Hi friends, happy March! Is it sad to say that the highlight of February for me was the Winter Olympics? Ok, there were a lot of other lovely aspects of this past month, but getting a reprieve from regular mind-numbing TV programming has been a treat over the last 2 weeks…. and insightful in ways I hadn’t expected.
I think the Olympics are so fun because we all love the chase for the gold – whether it’s a champion defending his/her title or the underdog coming out of nowhere to prove themselves, we can all get behind a big dramatic win story. Of course, for every winner there are also countless athletes who don’t make the podium, and that’s heartbreaking to watch. You know what’s weird, though? This year I found myself feeling just as bad for the athletes who DID win the gold.
Let me explain.
Towards the beginning of the Olympic coverage, they aired an interview with Mikaela Shiffrin, the youngest athlete to ever win an Olympic gold in the slalom and a favorite to rack up many more medals in Pyeongchang. During her chat, Mikaela confessed that the pressure she felt was so enormous that she was used to living with stomach pains and high levels of anxiety. Maybe I’m projecting here, but she also sounded joyless as she talked about her “passion”, and her determination to win seemed to be driven by fear of letting people down instead of kicking ass for the love of the sport. It was sad for me to see this lovely girl whose list of accomplishments is already longer than a CVS receipt never crack a smile. Ever.
Some people say that if you’re not first, you’re last. After watching these games, I disagree. Maybe if you’re not first, you’re free.
Winning can easily become an addiction, and like any other drug, the more you win the shorter the high and the more intense the need to keep.on.winning. What was once a passion becomes a prison. I felt bad for the athletes that won gold because I just know that medal will weigh heavily on their shoulders for the next 4 years, pushing them to work harder and harder to defend their title, slowly replacing the joy they used to feel in their sport with pressure, anxiety, and fear of failure. Not 5 minutes after Mikaela had won her first Gold medal in 2014, she was on national TV saying she expected to win 5 more in the next Olympics, and I’m sure she’s already dreaming of “redemption” in 2022. Being in it, whatever it is, only for the win robs us of the experience that makes winning worthwhile, and attaching our identity and self-worth to our performance is a one-way ticket to unhappiness.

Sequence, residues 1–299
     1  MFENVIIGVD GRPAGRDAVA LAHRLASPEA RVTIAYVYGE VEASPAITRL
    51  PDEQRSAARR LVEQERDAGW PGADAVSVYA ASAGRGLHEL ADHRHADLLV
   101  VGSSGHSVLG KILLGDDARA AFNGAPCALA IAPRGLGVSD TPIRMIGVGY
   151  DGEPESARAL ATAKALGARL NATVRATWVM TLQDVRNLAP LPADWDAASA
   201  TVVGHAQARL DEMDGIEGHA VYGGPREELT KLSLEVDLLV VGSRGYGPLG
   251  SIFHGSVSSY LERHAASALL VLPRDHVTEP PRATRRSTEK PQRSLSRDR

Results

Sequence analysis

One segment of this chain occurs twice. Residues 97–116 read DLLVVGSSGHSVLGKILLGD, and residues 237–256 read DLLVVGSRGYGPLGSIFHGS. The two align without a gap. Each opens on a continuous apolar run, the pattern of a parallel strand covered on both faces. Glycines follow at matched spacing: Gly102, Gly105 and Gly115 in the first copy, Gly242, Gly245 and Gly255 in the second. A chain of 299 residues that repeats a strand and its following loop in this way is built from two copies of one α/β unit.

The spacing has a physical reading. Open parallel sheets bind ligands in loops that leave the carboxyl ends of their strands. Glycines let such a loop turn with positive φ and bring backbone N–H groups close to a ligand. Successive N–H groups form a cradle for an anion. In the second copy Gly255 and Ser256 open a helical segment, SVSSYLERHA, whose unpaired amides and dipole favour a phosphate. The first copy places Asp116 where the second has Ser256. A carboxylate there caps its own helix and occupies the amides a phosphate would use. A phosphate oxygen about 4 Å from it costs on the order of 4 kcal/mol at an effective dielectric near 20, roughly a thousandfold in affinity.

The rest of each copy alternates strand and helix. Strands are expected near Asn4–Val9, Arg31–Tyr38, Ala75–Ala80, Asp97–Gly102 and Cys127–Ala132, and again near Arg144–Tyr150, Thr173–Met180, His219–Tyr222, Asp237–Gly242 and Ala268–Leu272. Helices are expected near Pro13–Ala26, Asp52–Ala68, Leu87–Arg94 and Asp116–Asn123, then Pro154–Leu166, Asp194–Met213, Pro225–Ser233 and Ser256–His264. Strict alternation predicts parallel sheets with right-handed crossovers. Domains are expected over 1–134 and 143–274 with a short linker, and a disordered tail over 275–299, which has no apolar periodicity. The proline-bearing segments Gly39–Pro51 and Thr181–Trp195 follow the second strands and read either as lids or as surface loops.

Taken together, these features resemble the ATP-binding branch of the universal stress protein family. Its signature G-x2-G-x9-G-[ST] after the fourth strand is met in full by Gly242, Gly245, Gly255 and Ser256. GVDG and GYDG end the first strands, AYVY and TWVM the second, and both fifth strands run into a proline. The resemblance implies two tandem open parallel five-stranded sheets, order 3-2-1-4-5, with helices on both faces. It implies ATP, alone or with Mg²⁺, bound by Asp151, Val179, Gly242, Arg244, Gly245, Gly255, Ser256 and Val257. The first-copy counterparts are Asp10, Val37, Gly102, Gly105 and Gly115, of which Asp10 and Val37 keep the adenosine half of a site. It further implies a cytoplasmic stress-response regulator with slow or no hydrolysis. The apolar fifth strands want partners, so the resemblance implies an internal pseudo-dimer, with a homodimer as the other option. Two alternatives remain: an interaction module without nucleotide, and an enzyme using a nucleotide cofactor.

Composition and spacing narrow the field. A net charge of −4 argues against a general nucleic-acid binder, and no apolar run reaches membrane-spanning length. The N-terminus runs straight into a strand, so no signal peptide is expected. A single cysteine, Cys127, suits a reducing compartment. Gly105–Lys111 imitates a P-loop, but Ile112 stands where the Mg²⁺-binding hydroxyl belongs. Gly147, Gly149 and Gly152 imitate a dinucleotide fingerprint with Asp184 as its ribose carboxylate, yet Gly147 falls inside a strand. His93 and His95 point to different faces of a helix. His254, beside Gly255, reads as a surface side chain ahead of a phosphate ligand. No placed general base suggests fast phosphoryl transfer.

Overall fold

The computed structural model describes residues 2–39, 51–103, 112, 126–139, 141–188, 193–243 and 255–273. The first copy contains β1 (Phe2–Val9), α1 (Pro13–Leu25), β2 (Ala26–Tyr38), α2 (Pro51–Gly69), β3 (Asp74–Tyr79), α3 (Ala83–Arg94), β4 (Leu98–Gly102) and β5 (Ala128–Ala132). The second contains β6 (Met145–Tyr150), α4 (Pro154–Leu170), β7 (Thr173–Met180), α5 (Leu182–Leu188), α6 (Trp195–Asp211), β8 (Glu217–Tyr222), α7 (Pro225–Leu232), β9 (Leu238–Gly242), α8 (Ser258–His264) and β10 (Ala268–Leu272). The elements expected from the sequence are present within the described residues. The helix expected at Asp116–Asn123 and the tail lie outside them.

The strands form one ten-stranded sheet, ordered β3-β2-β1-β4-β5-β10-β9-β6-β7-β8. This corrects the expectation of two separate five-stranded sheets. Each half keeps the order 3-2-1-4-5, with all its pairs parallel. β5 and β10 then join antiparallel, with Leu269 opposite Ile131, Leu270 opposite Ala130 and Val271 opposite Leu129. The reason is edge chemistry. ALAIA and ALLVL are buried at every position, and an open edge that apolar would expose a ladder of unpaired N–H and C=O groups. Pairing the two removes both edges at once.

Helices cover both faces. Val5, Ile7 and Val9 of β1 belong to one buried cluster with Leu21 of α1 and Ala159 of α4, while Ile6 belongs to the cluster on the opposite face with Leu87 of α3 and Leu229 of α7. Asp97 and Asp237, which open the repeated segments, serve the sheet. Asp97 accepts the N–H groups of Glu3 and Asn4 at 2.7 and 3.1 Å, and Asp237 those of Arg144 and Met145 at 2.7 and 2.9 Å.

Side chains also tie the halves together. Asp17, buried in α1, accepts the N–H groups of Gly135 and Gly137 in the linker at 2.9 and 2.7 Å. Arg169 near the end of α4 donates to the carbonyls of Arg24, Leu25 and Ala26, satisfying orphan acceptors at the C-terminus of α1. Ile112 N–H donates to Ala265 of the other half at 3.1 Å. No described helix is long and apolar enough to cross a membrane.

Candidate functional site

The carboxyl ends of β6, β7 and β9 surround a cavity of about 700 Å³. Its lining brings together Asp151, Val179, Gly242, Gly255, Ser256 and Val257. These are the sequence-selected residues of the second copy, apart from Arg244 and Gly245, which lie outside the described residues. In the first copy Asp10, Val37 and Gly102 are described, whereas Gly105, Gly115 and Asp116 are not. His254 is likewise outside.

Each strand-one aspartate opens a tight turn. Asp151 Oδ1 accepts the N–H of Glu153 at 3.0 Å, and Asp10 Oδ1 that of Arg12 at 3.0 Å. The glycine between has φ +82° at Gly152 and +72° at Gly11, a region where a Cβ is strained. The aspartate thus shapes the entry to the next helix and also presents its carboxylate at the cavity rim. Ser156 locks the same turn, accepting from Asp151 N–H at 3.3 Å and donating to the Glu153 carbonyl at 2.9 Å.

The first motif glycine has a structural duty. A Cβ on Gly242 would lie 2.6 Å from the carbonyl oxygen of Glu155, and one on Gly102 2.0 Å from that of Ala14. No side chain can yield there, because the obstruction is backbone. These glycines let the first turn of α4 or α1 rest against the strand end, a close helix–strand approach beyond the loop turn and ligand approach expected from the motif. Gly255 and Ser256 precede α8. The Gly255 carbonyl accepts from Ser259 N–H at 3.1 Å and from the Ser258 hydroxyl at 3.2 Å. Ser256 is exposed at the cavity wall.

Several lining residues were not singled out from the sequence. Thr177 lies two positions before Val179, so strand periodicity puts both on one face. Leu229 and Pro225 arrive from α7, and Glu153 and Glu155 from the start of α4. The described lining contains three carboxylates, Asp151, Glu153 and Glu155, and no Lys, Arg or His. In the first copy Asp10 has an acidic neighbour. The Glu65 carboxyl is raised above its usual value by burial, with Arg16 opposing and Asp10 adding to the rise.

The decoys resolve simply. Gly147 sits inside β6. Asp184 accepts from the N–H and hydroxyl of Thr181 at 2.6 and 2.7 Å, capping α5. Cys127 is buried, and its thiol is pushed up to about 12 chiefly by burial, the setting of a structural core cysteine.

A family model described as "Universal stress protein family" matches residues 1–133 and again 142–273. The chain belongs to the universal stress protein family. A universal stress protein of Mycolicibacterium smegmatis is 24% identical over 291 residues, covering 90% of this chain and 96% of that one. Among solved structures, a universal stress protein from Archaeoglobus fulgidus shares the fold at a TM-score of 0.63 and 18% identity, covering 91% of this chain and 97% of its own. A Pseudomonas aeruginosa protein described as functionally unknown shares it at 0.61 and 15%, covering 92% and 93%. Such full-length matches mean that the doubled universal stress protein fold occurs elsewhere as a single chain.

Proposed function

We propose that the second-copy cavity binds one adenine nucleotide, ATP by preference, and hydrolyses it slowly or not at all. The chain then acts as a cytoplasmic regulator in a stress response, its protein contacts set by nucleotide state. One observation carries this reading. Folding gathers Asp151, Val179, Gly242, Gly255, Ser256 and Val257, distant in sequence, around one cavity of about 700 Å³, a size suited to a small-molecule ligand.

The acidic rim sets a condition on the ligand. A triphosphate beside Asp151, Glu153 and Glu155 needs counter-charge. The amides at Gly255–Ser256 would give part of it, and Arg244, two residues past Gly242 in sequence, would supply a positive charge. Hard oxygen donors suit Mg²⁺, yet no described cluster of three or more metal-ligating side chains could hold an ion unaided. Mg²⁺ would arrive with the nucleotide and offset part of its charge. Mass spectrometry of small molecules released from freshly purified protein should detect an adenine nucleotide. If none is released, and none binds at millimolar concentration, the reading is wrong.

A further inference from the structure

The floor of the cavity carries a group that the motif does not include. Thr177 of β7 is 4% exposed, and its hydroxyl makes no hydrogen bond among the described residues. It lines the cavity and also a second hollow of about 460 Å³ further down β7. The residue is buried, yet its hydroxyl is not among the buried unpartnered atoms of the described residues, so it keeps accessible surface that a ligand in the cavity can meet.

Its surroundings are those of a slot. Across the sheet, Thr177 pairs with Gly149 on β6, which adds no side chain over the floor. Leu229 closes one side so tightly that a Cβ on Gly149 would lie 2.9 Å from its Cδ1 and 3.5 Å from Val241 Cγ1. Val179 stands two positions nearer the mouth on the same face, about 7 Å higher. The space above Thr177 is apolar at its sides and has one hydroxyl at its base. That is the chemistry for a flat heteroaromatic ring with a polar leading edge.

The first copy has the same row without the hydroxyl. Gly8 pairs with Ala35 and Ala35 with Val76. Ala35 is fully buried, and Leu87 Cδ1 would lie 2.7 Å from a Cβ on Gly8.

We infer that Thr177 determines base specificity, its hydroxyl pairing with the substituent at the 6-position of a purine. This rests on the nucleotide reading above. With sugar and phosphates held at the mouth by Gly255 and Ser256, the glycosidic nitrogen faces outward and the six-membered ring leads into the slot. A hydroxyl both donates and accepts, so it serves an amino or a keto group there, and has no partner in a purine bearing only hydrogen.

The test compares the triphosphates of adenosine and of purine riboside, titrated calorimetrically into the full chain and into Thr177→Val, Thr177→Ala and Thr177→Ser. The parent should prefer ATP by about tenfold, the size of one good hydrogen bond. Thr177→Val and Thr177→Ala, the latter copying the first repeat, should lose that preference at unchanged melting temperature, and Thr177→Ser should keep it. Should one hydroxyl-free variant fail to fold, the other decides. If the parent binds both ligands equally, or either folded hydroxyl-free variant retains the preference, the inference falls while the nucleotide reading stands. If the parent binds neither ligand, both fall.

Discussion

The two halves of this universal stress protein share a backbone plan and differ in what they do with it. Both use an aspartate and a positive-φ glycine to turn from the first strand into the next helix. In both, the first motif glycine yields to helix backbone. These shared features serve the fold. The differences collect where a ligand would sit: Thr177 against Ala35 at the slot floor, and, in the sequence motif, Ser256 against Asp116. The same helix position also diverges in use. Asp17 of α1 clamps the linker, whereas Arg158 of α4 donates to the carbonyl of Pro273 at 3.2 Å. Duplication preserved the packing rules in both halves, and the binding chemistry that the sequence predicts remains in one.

Since most of us are not Olympic athletes (and if you are, please let me know so I can brag that Olympians read my newsletter!) I’ll give you an example that might hit closer to home. When I worked at ExxonMobil, I became obsessed with being the best. I didn’t particularly like my job, but I pushed and pushed myself just so that I could be on top come Rating & Ranking time. Like a racehorse with blinders on, I took off on my corporate career with the goal of climbing the ladder, never stopping to consider if it would even lead to a place I liked. Being the best was the point. When I felt unfulfilled by my accomplishments at work, I enrolled in a part-time MBA program at Georgetown University, and when that didn’t seem to justify my existence, I decided to train for a half-marathon (even though I hate running.) And so on and so forth, all work and no play, always chasing the ever-moving target of perfection.
Looking back now, I can see that what I was truly after at that time in my life was validation, purpose, acceptance, and love. And this is where so many of us go wrong: believing that winning = validation, purpose, acceptance, love. The truth is, there is no amount of winning that can fill the void of feeling like you aren’t enough, and nothing more freeing than realizing that you already are.
We live in a culture obsessed with rankings and comparisons, titles and fame. From the day we arrive on planet Earth, we are measured, tested, and compared. If we feel like we’re always running and pushing and go-go-going, it’s because our lives have become little more than a race to the top…a top that has been scientifically proven not to live up to its expectations (think about all the superstars that end up depressed or worse after peaking). The truth is, playing to win keeps us small. It keeps us from trying new things, afraid of being fully ourselves, and unable to savor the beauty that’s right in front of us…. all things which would lead to the happiness we seek. Working to win at ExxonMobil kept me in a career I did not find fulfilling, on a path that was taking me farther and farther away from the life I wanted. It was only when a horrible boss of mine ranked me poorly that I was forced to reconsider what I was doing with my life. (And as I write this from the studio desk overlooking the cozy little yoga nook I get to call mine, I can almost bring myself to say “thanks” to that a-hole:)
Ok, so let’s circle back to the Olympic athletes. I really do admire the hard work and dedication it takes to compete at that level, and I’m sure that for many athletes, getting to practice their passion everyday and working towards a dream is in fact very fulfilling. Being amazing at something and working hard towards a goal is not a bad thing. It only gets muddy when we lack the self-awareness to understand that what we do is not who we are, that our ranking among others is not a reflection of our worth, and that it’s the experience in and of itself that makes us rich, not the gold.
When we focus on being the BEST, we don’t do our best at BEING. And that my friends, is a true loss.